His 70% retention rate ranks 10th among full-time drivers and from the preferred groove specifically, he successfully defended position on all five attempts from inside the top 14. Oddly, this is a path to track position that’s eluded him elsewhere. Across all tracks, he struggles on restarts — his 53.33% rate ranks 17th among full-time drivers, while his 69.44% rate from the preferred groove ranks 22nd — making his affinity for short runs in road races all the more intriguing.
It’s not surprising that Briscoe, a winner of two road course races at the Xfinity Series level, has turned in three top-10 finishes in his rookie Cup Series season. But the method in how he’s going about it isn’t entirely obvious.
His Stewart-Haas Racing car ranks 17th in average median lap time, tops among SHR’s four teams. But despite his raw speed, that’s still a tough ranking to overcome, especially when seeking playoff-clinching race wins. And yet, he’s registered the 12th-most points among all drivers and finished equal to or better than his speed ranking in four of five starts.
How’s he doing it? The collective effort is piecemeal, as he’s not especially good in any one stat category. Cumulatively, he ranks as the 21st-most efficient road course passer — in fact, road courses are the only track type on which he’s a negative-surplus passer — but two of his team’s three best passing efforts this year came at Road America (an adjusted pass efficiency of 57.97%) and COTA (51.94%). He finished sixth in both races.
Crew chief Johnny Klausmeier has defended Briscoe’s position on 45.45% of green-flag pit cycles, indicating they often eschew pitting under yellow to inherit improved spots in advance of restarts. And while Briscoe isn’t turning that positioning into more track position — his retention rate on restarts currently sits at 42.86%, meaning he more often loses spots on short runs — he’s mitigated the magnitude of the positional loss, averaging a 0.33-position drop from the non-preferred groove, the 12th-best mark in that regard.
On the final restarts at Road America and Watkins Glen, he launched from inside the first five rows, averaging a zero-position net gain after two laps. He finished ninth at Watkins Glen, a testament to his ability to defend his running position.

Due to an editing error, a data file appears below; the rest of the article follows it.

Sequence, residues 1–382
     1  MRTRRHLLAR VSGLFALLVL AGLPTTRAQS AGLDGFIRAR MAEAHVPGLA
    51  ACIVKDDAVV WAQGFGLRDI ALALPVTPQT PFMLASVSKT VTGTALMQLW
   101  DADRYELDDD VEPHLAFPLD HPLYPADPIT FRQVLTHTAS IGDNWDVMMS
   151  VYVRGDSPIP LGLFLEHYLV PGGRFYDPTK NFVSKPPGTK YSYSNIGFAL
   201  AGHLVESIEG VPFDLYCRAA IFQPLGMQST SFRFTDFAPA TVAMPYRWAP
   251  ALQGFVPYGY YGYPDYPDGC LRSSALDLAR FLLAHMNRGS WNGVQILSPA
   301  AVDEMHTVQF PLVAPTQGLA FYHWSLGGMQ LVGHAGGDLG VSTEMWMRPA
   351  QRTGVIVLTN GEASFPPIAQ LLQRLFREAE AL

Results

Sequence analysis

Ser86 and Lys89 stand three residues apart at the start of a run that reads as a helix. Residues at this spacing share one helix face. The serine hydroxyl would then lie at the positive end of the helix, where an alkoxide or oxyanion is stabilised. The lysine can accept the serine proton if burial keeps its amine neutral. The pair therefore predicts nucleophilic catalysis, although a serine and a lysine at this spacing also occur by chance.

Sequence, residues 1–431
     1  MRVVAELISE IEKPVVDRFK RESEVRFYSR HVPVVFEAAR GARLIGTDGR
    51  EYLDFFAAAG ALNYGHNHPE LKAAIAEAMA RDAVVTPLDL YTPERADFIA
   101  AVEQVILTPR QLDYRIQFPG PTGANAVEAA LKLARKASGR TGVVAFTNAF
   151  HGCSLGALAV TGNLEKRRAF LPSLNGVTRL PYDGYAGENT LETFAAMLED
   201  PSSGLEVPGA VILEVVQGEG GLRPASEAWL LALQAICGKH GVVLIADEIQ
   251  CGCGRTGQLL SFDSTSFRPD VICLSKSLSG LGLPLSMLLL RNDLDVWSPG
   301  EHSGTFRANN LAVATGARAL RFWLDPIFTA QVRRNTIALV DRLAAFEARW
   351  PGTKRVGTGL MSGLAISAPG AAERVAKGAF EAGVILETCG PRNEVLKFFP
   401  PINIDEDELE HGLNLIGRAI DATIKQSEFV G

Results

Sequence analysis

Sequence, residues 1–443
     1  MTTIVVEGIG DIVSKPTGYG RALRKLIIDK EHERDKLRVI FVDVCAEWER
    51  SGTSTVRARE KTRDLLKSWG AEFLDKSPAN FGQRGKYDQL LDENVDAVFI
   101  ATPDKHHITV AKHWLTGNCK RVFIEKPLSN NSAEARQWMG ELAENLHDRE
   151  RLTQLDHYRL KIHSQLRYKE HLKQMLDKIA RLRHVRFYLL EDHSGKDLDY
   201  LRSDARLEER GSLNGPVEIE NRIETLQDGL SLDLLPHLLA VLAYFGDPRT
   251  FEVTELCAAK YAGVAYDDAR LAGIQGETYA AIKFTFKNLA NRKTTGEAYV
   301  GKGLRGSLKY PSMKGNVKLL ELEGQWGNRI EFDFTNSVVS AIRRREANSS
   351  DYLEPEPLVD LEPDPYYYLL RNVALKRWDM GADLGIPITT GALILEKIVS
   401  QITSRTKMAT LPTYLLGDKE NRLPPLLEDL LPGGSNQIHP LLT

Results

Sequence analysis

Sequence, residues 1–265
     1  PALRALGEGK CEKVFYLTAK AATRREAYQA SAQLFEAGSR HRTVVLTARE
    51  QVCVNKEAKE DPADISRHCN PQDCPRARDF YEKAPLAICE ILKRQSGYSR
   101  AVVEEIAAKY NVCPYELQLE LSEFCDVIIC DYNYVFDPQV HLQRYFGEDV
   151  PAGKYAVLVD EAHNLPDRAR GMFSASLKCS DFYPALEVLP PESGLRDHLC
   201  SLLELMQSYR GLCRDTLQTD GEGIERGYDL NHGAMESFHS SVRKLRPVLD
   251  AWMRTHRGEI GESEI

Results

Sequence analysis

With a Modified racing background, Preece doesn’t profile as someone who’d be an expert passer on road courses, but here we are. The 30-year-old is one of five drivers with positive surplus passing values on all three primary track types — 550-horsepower tracks, 750-horsepower tracks and road courses.
After last weekend’s race at Watkins Glen, he now ranks second in road course SPV — trailing only Martin Truex Jr. — but that’s a ranking that comes with a caveat. He’s earned 18 positions beyond his car’s statistical expectation. His JTG Daugherty Racing machine, though, isn’t expected to produce much.
In fact, his No. 37 car — ranked 25th in average median lap time this season and 21st among full-timers on road courses specifically — has an expected adjusted pass efficiency of 47.54%. This projects a race-long loss on average, but Preece is so efficient and prolific, that his actual pass efficiency (51.37%) brings a positive season-long net. His ability to pass is a boon for JTG Daugherty’s non-chartered ride.
But all this has yet to manifest in tangible race results. After finishing ninth on the Daytona road course and 15th at COTA, he finished outside the top 20 in his last three road race starts, which included an early engine failure at Road America and a loose wheel on his final pit stop at Watkins Glen.
He’s scored the 24th-most points among all drivers. Statistical indications suggests he’s capable of more.